But because volatility fluctuates constantly, it can be difficult to pin down the absolute most volatile currency pairs. So below, we’ve handpicked FX pairs of majors, minors and exotics that generally display high volatility.

Major FX pairs

Majors are forex pairs including the US dollar and six other currencies which make up the vast majority of traded pairs. While EUR/USD boasts the most trading volume by far, these three commodity currency major pairs, AUD/USD, CAD/USD and NZD/USD are the most volatile major pairs and as such received a lot of interest.


AUD/USD has some of the highest trading volumes of all volatile FX pairs because it includes the US dollar. Australia is one of the largest exporters of commodities like coal and iron, so its economy is heavily influenced by the current state of these markets. The best time to trade this major pair is actually during the London session, perhaps because of the influence of global financial activity across the Tokyo, London and New York sessions.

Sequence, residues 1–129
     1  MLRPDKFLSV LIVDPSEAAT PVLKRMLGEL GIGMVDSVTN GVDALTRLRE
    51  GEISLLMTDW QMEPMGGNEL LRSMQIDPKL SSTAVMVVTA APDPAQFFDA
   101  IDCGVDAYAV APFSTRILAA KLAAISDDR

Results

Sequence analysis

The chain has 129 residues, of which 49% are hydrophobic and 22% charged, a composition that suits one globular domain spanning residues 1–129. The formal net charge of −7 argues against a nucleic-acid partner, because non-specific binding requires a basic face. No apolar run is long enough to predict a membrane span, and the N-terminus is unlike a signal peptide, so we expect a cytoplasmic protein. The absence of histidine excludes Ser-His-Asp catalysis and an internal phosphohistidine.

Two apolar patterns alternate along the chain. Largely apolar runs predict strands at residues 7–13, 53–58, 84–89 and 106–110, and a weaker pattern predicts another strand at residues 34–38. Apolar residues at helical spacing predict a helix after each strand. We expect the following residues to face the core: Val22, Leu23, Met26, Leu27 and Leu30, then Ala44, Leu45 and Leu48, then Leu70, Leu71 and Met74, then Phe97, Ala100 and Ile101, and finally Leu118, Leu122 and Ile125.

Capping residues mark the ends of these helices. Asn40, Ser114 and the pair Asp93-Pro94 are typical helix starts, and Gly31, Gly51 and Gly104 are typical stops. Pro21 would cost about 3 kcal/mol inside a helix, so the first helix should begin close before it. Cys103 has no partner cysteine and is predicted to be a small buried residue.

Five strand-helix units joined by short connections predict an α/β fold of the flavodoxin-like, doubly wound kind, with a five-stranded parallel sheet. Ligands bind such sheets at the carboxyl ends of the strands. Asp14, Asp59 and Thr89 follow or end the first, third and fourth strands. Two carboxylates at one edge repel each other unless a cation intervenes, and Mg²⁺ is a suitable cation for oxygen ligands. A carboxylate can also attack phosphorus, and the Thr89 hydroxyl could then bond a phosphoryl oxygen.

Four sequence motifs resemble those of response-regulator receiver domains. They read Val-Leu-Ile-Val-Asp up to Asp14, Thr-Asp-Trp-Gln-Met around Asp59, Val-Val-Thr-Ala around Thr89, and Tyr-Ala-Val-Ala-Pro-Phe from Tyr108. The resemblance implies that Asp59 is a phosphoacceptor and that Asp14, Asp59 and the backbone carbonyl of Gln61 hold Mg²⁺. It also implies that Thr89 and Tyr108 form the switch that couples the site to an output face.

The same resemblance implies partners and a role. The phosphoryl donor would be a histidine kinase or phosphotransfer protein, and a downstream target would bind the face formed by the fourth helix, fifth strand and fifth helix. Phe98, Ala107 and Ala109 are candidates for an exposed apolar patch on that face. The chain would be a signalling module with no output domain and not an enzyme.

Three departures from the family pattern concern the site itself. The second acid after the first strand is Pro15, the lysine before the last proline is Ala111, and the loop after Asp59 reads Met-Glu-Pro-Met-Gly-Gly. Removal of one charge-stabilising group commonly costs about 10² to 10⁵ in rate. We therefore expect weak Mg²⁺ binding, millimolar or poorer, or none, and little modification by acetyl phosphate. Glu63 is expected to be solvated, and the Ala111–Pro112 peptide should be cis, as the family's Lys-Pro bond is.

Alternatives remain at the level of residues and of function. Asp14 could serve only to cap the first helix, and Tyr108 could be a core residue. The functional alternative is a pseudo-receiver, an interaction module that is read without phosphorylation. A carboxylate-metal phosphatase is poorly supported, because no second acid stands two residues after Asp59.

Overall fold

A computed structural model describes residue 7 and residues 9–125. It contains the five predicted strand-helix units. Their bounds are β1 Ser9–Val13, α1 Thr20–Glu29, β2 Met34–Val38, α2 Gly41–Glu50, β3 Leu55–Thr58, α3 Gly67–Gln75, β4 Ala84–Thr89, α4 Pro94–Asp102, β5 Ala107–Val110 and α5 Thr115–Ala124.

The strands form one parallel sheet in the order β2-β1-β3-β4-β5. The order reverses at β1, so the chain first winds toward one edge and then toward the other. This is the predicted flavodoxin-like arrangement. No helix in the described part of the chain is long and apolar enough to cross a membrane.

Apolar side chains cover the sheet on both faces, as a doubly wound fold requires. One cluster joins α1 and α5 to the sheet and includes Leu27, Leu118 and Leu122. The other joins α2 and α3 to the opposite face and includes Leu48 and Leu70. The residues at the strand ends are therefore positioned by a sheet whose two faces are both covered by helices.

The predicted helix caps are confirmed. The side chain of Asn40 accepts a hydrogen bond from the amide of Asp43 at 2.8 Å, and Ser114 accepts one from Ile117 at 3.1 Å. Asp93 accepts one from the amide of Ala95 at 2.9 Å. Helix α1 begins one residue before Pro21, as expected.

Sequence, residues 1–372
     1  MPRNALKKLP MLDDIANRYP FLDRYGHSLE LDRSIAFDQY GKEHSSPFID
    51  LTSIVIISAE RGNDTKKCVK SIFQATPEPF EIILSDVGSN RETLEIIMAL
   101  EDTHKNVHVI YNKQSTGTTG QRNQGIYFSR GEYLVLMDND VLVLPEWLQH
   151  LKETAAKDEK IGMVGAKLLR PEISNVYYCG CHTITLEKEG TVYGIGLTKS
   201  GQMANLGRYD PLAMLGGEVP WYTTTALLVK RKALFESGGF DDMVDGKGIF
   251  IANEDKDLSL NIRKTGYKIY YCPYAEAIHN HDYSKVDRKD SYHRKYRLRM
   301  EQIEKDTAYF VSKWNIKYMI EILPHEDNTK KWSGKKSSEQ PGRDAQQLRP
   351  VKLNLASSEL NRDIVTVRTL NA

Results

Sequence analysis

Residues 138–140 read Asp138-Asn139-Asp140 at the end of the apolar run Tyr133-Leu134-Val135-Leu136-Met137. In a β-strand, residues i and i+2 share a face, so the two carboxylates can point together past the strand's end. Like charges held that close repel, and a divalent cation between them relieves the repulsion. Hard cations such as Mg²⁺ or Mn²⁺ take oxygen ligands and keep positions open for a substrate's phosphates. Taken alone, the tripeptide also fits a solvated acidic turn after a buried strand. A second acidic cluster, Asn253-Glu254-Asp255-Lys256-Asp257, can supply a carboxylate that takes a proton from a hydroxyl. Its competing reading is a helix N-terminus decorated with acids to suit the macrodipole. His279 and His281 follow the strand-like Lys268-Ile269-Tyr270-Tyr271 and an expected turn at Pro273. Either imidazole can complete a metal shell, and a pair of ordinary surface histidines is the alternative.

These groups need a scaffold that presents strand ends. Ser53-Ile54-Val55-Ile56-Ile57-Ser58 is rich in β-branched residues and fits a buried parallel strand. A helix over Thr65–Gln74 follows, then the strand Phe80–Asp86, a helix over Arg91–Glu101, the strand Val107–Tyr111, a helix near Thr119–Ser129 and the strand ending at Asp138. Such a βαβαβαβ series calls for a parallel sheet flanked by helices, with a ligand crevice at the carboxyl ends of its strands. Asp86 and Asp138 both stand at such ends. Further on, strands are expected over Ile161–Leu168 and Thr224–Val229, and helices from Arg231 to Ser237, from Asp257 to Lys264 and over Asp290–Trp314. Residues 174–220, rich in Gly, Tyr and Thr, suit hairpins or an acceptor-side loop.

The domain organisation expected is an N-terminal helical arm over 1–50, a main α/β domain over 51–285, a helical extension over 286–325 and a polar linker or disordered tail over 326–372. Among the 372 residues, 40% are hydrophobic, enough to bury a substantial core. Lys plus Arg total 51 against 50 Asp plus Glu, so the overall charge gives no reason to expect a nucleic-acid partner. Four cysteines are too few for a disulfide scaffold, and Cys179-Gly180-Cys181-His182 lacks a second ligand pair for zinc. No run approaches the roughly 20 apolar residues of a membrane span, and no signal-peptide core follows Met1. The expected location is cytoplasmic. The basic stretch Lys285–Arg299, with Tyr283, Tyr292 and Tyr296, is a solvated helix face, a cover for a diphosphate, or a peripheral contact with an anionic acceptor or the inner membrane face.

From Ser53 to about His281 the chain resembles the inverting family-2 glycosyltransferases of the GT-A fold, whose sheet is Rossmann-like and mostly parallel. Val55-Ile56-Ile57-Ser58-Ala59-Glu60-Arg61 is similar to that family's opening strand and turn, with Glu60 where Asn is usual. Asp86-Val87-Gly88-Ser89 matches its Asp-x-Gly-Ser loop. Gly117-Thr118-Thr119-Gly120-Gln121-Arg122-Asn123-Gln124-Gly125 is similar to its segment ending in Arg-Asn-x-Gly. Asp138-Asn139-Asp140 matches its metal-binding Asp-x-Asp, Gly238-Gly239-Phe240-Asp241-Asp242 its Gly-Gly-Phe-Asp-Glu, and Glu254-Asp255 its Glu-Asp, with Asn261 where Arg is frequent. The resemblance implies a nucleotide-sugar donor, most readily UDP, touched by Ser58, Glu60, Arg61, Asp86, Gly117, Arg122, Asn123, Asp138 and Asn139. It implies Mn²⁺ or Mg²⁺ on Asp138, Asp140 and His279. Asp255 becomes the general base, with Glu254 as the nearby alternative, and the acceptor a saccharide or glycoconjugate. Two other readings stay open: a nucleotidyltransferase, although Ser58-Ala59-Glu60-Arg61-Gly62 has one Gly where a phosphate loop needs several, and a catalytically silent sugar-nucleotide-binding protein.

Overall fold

This major pair highlights the changes in Canada’s commodity economy compared to the US dollar. USD functions a bit like a benchmark in these major pairs. It accounts for a majority of reserve currency in central banks around the world. Because these countries neighbour each other, their economies are active at the same time. This concentrates the pair’s volatility to the New York trading session.